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It is always a happy day when your research gets published... Here are some highlights


The failure of decision-makers to appropriately address the economic constraints imposed on the public during prolonged disasters, such as the COVID-19 outbreak, is likely to lead to a reduction in public trust in the government and a decrease in societal resilience.

Social resilience and trust are two primary components of mitigating the spread of contagious diseases. Although measures such as the imposition of national lockdowns and self-quarantines have been proven effective in reducing morbidity, their efficacy depends on public trust and compliance. The purpose of this study was to assess public attitudes toward the COVID-19 outbreak over the course of a year. A cohort study of the adult population in Israel was conducted during three waves of COVID-19 morbidity in that country, with February 2020 as the baseline, March 2020 as the first wave, August 2020 as the second, and January 2021 as the third. The results suggest a relationship between risk perception and compliance with health regulations. Moreover, trust is a significant component of public compliance. Fluctuations in risk perception and trust were found to affect compliance with regulations.

Disaster Risk Reduction

Given the depth of difference across hazard types, we should contemplate the implications on the architecture of disaster planning and response

For decades, the All-Hazards Approach has been the principle framework of disaster planners. According to this approach, different hazard scenarios share commonalities and should be managed with standard hazard mitigation and preparedness plans. The All-Hazards approach presents several arguable advantages; yet, when tested against reality, it often fails to deliver optimal results in terms of public preparedness. Despite best intentions, this framework has inherent weaknesses, notably the artificial consolidation of dramatically different hazard scenarios. Given the depth of difference across hazard types, we should contemplate the implications on disaster planning and response architecture. Here we argue for an alternative approach, the Top-Hazards Approach, which delineates that hazards should be prioritized according to local risk indicators and then differentially dealt with so that top-ranking hazards are given priority in preparedness and planning activities. The Top-Hazard Approach retains some of the critical benefits of the All-Hazards Approach, namely cost-effectiveness while offering a more robust framework for achieving better levels of preparedness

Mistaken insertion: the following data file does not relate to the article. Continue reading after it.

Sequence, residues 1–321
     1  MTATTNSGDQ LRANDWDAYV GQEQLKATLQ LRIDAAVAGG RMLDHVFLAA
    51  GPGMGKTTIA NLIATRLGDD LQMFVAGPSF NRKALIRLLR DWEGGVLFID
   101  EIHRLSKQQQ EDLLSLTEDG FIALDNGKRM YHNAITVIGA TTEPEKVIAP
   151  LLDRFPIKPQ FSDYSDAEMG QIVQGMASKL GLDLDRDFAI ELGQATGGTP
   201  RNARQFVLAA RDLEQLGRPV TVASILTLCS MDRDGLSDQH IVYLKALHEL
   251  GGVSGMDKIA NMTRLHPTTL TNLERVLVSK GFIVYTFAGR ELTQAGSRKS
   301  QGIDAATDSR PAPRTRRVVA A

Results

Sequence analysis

Disaster planning and policy

Wisdom of (using) the crowds: Enhancing disasters preparedness through public training in Light Search and Rescue

Following significant earthquakes, the vast majority of trapped survivors are rescued by laypersons within the first 24–48 h. Most trapped individuals require only Light Search and Rescue (LSR). Therefore, there is a sense of training public members in LSR competencies to upsurge survivability rates. Light Search and Rescue training for Israeli high-school students was performed. The training was beneficial in improving resilience, self-efficacy, and knowledge. The effect of the training on these measurements ranges from medium to high. Participants finish the training with equally high levels of performance.

Epidemiology of trauma

Electric bikes and motorized scooters - Popularity and burden of injury. Ten years of National trauma registry experience.

Electric bikes (E-bikes) and motorized scooters (M-scooters) have become extremely popular worldwide and in Israel. Increased injury-related hospitalizations have followed this change among these road users. The findings of this study indicate a worrying trend of an increase in trauma injuries associated with using e-tools. As these modes of transportation become, more popular and legislative changes have been introduced which have restricted these tools to utilization on roads where the potential of colliding with a motorized vehicle increases, it is expected that the number of injuries will continue to grow. There is a need for interventions to increase awareness for these vulnerable road users to improve riding behaviors and enforce helmet usage.

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